★ ★ ★ ★
Reason for Hope: A Spiritual Journey by Jane Goodall and Phillip Berman | September 1999 | Warner Books | Hardcover $32.00
Her revolutionary studies of Tanzania’s chimpanzees forever altered our definition of humanity. Now, intriguing as always, Jane Goodall explores her deepest convictions in a heartfelt memoir that takes her from the London Blitz to Louis Leaky’s famous excavations in Africa and then into the forests of Gombe. From the unforgettable moment when a wild chimpanzee gently grasps her hand to the terror of a hostage-taking and the sorrow of her husband’s death. Here, thoughtfully exploring the challenges of both science and the soul, she offers an inspiring, optimistic message as profound as the knowledge she brought back from the forests, and that gives us all… reason for hope.
This book was quite lovely. I’d recommend it to anyone who is interested in a contrast to the ultra-logical atheism of scientists like Richard Dawkins.
In this memoir, Jane Goodall describes the events in her life that led her current spiritual beliefs: her childhood in England during WWII, her adventures with the chimpanzees and scientists in Africa, the birth of her beloved son, and the deaths of people she loved deeply. Goodall has lived a simply incredible life and she has a way of writing that makes the reader feel as though she’s engaging in a personal conversation, not just telling a story.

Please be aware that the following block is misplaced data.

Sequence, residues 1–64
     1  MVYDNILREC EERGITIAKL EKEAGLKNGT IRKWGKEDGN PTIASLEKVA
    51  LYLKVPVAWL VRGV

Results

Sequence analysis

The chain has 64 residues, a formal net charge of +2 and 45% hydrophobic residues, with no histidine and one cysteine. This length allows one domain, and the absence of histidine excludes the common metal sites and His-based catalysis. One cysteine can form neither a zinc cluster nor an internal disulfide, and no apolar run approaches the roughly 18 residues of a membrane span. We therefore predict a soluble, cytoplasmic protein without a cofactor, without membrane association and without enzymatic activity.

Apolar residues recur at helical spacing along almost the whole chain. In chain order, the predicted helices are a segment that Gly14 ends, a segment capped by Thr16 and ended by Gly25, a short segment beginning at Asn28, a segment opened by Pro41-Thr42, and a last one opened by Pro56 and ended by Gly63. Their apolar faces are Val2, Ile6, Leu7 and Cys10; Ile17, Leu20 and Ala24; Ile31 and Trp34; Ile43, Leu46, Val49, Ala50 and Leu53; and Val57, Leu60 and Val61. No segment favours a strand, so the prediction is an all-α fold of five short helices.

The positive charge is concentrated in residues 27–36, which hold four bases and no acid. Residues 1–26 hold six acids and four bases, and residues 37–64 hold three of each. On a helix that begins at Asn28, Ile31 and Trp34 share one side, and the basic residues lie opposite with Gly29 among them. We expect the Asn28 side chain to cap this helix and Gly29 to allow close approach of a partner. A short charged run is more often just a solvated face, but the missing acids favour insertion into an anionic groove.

It was fascinating to read about the religious philosophy and spiritual experiences of this intelligent, humanitarian, admirable woman. I believe that we should never stop learning and searching for truth, and I think both science and theology can be valid ways of pursuing personal growth. I also worry that scientists who do profess a faith in any particular religion or even just a higher being or planes of existence don’t often speak up for fear of being accused of irrationality, so it’s refreshing to read about the intimate, carefully considered faith of a highly respected biologist. I don’t particularly feel the need to detail my own beliefs here, but I did identify heavily with some of Goodall’s personal experiences and conclusions.
The book isn’t just about spirituality, or one person’s religiously significant experiences though. Goodall spends the last portion of the book on the topic of humanity’s future, of our place in the world and what we can do to reduce the suffering of other species as well as our own. She also shares some of her own poetry throughout the book, which I thought was nice enough — but I know next to nothing about poetry.
That said, I found myself drawn more to the stories about her time spent among the chimpanzees of the Gombe Stream National Park in Tanzania. I started reading her book on the subject, In the Shadow of Man, ages ago… and I can’t for the life of me remember why I put it down, as I really remember nothing but good feelings and enjoyment of it. I think I may need to pick it up again!
Publication information: Goodall, Jane. Reason for Hope: A Spiritual Journey. New York: Warner Books, 1999. Print.
Source: Personal purchase or gift, provenance unknown.
Disclaimer: I am not compensated, monetarily or otherwise, for reviews of books or other products.